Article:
SA, China strengthen cultural ties

Tuesday, August 2, 2011

Pretoria - The People's Republic of China is planning to set up its Chinese Cultural Centre in South Africa as an exchange platform for cultural development with South Africa.

Chinese Vice Minister of Culture, Zhao Shaohua, made the announcement shortly before signing a programme of Cooperation with acting Arts and Culture Minister, Tokyo Sexwale, in Pretoria on Tuesday.

"The cultural relations between South Africa and China are flourishing. Culture knows no boundaries, and I was impressed by the dance of South African cultural groups during our Shanghai World Expo last year.

"To further cement our cultural relations, we will be establishing the Chinese Cultural Centre in South Africa very soon make the public aware of Chinese culture, as well as making greater contributions to China-South Africa cultural relations.

"We both have a very long history and we believe that through this Cultural Centre, we exchange our cultural diversity," Shaohua said.

Shaohua, who was speaking via a translator, also pledged 300 000 Chinese Yuan to develop cultural activities in South Africa, but did not give a time frame as to when this will happen.

Sexwale said the agreement also looked at the possibilities of translation of Chinese books into South African languages and South African languages into the Chinese language.

"This agreement will go a long way in extended our cultural relations in arts, film, books, language and culture as well as exhibition of our cultural dancers together.

"Through my observation, I've learnt that most foreign countries, including Germany and France, have language institutes in South Africa, so I want to propose that you set up your Chinese language institute as well," said Sexwale.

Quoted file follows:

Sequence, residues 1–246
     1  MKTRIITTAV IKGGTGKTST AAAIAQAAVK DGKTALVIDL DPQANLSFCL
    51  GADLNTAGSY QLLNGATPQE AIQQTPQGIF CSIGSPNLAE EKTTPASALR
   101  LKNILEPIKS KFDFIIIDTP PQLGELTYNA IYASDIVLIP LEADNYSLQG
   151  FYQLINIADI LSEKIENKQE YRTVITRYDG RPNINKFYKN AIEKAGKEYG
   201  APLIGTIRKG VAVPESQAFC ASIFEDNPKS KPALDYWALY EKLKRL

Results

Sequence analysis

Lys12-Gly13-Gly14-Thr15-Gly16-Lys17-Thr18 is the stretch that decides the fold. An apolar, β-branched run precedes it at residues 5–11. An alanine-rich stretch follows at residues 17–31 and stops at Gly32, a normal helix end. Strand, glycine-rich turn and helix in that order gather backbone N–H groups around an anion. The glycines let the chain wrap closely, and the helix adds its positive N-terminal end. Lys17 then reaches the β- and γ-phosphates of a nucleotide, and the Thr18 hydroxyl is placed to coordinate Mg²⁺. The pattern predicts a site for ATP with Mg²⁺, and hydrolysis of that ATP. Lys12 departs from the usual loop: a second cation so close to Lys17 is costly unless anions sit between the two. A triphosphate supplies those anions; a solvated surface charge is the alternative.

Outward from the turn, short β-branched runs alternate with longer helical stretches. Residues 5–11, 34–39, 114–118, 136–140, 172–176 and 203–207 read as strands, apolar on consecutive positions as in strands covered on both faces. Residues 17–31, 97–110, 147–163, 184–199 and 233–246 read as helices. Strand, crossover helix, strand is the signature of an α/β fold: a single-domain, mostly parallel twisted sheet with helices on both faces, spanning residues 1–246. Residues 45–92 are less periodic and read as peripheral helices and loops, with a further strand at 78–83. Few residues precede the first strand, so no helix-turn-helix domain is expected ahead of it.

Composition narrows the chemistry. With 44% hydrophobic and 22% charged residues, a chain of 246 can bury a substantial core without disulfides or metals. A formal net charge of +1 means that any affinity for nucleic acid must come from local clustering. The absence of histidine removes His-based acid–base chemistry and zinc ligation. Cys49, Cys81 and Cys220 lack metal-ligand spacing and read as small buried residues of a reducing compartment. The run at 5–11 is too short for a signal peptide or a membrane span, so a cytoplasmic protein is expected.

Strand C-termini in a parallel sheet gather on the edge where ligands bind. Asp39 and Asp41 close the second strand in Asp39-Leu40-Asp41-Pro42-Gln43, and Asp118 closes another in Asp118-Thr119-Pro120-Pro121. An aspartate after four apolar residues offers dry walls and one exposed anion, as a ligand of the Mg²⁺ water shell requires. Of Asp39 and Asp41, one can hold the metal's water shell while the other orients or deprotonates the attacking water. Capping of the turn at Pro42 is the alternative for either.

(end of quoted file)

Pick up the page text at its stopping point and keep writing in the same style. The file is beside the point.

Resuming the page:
The Human Settlements Minister, who also described China as the second biggest economic powerhouse in the world, said through the agreement, they will encourage their artists to visits each other.

Bilateral relations between South Africa and the People's Republic of China reached a new high point in 2009/10.

By the end of 2009, the Department of Trade and Industry announced that China had become South Africa's largest trading partner, with total trade amounting to approximately R120 billion.

During the state visit by President Jacob Zuma to China last year, companies and organisations from China and South Africa signed over a dozen cooperative documents at a business forum.

The documents involve projects in areas such as solar power, mining, telecommunications, insurance and finance.

A 240 million euro (about $300 million) loan agreement between South African mobile phone operator Cell C and China Development Bank was included in the deals.

The announcements also included the acquisition by South Africa's Discovery Health of a stake in Ping An Health Insurance, a subsidiary of China's second largest Insurer, the Ping An Insurance Group.

December 2007 marked 10 years since the official establishment of diplomatic relations between the two countries.